Verizon’s lawsuit challenging the FCC’s authority to enforce its net neutrality rules entered oral arguments on Monday. The Wall Street Journal, in reporting the piece, highlighted one of the core issues for broadband providers: the belief that companies like Netflix should pay operators for the bandwidth they use on broadband networks. Netflix rebuffed the idea, and claimed to already have invested in infrastructure to make broadband more efficient. What Netflix is referring to is caching technology, and it can go a long way toward remedying the operator’s complaints.
Last year, Netflix announced the creation of a private CDN called OpenConnect. The primary objective of OpenConnect is to save Netflix money: the company must pay CDN’s like S3 to stream videos to subscribers and can save money if it can shift this delivery to OpenConnect. A key component of OpenConnect is equipment the company puts in an operator broadband network. This equipment, which Netflix will provide to an operator for free, keeps a copy of the most popular videos on Netflix. This cache of content in the operator broadband network has important benefits for Netflix, and, as it turns out, for operators too.
One of the overheads of running a broadband network is the cost to tie into the broader Internet. An operator must pay to transport data back and forth between its broadband network and the Internet. Every time you request a Netflix movie the video is transferred to you over the operators Internet tie. And a lot of people are requesting those videos. This is why operators want Netflix to pay for access!
OpenConnect cache helps fix this problem. When you request the latest episode of Hemlock Grove it is streamed from the cache, which is in the operator’s network. In other words, it doesn’t go across the operators Internet tie. Given that Netflix is responsible for 33% of traffic at peak times this could save operators a lot of money.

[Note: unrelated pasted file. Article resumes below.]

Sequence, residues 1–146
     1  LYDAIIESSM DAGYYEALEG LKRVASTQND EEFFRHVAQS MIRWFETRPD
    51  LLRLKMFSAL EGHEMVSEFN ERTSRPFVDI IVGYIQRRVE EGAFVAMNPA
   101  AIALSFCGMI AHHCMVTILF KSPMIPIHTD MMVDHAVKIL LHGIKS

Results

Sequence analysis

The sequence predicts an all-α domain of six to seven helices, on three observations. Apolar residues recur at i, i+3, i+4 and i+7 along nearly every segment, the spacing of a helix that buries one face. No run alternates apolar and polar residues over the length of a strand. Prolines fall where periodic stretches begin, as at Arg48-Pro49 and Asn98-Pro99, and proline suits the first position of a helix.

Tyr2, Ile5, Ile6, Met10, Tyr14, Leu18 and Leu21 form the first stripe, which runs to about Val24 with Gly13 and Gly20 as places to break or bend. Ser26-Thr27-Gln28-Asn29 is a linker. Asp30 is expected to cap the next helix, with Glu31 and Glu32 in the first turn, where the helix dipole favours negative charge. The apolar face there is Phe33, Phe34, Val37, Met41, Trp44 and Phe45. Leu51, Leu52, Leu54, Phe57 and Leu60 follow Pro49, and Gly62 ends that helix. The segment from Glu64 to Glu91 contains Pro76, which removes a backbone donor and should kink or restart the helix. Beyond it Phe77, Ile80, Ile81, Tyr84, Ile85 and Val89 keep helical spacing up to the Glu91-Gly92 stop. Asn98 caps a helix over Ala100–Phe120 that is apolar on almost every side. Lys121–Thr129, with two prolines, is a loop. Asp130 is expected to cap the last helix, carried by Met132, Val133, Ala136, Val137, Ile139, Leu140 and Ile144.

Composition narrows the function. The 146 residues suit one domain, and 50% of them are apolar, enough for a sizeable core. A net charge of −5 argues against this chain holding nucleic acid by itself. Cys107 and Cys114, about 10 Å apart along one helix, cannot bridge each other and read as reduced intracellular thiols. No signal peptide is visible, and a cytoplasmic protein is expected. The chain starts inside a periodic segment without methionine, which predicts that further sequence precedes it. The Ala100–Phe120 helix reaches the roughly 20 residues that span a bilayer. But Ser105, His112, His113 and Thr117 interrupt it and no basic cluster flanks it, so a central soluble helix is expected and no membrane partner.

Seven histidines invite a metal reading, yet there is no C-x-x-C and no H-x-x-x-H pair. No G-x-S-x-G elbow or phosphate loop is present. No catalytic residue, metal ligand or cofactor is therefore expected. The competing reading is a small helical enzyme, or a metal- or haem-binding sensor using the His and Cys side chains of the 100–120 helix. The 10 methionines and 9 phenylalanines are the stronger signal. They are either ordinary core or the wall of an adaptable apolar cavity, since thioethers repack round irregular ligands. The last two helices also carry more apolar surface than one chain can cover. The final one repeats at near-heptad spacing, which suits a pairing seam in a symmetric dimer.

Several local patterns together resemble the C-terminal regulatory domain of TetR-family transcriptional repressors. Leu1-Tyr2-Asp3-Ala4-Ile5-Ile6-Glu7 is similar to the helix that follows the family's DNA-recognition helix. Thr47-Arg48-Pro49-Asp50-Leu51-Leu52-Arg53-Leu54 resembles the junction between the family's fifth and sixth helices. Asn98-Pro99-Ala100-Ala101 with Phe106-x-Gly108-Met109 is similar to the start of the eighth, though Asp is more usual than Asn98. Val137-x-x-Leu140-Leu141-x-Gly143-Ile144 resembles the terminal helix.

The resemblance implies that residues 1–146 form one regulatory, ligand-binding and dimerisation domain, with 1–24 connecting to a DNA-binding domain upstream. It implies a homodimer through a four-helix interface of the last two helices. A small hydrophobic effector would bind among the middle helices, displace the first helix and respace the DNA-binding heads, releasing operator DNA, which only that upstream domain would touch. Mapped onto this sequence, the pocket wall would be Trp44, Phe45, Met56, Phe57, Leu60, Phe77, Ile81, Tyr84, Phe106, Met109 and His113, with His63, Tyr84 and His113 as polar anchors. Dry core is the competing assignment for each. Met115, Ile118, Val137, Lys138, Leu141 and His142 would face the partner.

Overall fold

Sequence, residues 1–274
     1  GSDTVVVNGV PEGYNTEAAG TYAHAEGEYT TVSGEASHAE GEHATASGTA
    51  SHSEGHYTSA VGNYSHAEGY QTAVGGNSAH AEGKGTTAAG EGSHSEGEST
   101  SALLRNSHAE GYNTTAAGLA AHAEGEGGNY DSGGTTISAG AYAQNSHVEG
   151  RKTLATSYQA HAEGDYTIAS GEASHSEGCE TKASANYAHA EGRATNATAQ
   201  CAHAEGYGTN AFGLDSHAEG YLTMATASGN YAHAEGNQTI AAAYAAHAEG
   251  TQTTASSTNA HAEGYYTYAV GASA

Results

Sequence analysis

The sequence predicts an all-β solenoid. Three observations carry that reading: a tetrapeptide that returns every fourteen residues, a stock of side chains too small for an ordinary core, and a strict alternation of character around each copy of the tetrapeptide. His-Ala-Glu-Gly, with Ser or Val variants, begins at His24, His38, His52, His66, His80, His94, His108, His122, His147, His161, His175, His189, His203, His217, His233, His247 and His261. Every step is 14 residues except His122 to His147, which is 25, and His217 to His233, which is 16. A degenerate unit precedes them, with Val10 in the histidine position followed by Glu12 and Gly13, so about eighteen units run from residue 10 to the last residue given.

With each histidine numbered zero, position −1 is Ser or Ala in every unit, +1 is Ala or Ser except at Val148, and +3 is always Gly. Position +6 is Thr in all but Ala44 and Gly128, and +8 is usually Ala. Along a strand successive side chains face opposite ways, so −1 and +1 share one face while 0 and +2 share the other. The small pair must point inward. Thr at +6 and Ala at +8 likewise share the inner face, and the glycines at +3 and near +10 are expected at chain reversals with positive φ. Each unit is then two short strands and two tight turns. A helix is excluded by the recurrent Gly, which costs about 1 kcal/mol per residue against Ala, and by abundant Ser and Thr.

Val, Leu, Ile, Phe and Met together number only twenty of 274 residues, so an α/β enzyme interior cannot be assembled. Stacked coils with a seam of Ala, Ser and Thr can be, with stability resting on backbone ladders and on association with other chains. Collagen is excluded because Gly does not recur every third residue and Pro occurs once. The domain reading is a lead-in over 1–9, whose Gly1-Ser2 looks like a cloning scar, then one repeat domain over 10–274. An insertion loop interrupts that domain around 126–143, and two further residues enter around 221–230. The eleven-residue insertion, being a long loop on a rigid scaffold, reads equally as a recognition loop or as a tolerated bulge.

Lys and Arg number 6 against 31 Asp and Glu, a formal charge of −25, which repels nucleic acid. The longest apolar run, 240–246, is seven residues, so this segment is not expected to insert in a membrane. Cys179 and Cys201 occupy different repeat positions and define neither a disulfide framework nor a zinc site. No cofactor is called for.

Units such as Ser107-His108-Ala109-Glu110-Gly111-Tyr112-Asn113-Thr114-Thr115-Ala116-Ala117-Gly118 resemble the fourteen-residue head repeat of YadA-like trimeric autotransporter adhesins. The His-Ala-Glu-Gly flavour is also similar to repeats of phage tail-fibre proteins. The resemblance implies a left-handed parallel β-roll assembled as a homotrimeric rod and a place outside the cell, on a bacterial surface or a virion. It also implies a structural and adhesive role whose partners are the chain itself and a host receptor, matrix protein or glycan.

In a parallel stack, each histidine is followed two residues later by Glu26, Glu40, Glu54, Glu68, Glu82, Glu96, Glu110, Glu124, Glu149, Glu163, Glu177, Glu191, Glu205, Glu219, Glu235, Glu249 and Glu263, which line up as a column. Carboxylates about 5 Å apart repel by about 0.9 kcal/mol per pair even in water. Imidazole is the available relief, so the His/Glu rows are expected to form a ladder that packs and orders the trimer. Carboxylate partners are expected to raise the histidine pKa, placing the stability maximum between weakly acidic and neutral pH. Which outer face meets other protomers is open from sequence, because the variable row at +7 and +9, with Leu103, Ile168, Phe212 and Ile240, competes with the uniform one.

So why aren’t operators jumping all over OpenConnect? Simply put, it doesn’t scale. It’s great that OpenConnect can dramatically reduce the 33% of Netflix traffic, but what about the rest?
Luckily, solutions are in the market from companies like Qwilt and Cisco that can optimize Internet tie traffic for every video provider, not just Netflix. These so-called transparent caches watch all traffic for the most popular content and cache it locally, in the operator’s network. From the latest million-viewer YouTube cat video to breaking news about the Yosemite Rim fire, transparent caches will identify the most popular videos and store them locally, saving the operator money in the process.
While Verizon fights the FCC in court it could be that technology, in the guise of transparent caching, will fix one of the biggest reasons it is there.
nScreenMedia will soon deliver a free white paper on the topic of caching. Watch for its availability later this month.
Why it matters
Trying to charge OTT video providers for the bandwidth they use on broadband networks is difficult to do and runs the risk of angering broadband subscribers.
While Netflix’ OpenConnect can help operators minimize costs associated with its service, it does nothing for the 67% of traffic that is not Netflix.
Transparent caches can help operators reduce the most bandwidth-consuming traffic regardless of the service providing it.
 It is a little more complicated than this for large operators, but in essence it boils down to the same thing.